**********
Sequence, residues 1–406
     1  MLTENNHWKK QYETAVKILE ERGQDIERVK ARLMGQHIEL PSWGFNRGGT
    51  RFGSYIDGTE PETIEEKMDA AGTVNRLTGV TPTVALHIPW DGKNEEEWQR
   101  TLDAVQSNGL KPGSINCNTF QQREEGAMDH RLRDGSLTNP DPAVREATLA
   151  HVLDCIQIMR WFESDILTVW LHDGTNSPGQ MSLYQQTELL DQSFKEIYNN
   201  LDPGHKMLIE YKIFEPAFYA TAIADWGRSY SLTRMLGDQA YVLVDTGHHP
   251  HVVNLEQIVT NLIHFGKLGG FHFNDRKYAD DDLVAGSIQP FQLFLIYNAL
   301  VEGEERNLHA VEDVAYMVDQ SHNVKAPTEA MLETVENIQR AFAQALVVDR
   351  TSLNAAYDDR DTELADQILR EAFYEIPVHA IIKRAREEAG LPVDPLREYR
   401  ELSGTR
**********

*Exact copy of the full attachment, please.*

Sequence, residues 1–406
     1  MLTENNHWKK QYETAVKILE ERGQDIERVK ARLMGQHIEL PSWGFNRGGT
    51  RFGSYIDGTE PETIEEKMDA AGTVNRLTGV TPTVALHIPW DGKNEEEWQR
   101  TLDAVQSNGL KPGSINCNTF QQREEGAMDH RLRDGSLTNP DPAVREATLA
   151  HVLDCIQIMR WFESDILTVW LHDGTNSPGQ MSLYQQTELL DQSFKEIYNN
   201  LDPGHKMLIE YKIFEPAFYA TAIADWGRSY SLTRMLGDQA YVLVDTGHHP
   251  HVVNLEQIVT NLIHFGKLGG FHFNDRKYAD DDLVAGSIQP FQLFLIYNAL
   301  VEGEERNLHA VEDVAYMVDQ SHNVKAPTEA MLETVENIQR AFAQALVVDR
   351  TSLNAAYDDR DTELADQILR EAFYEIPVHA IIKRAREEAG LPVDPLREYR
   401  ELSGTR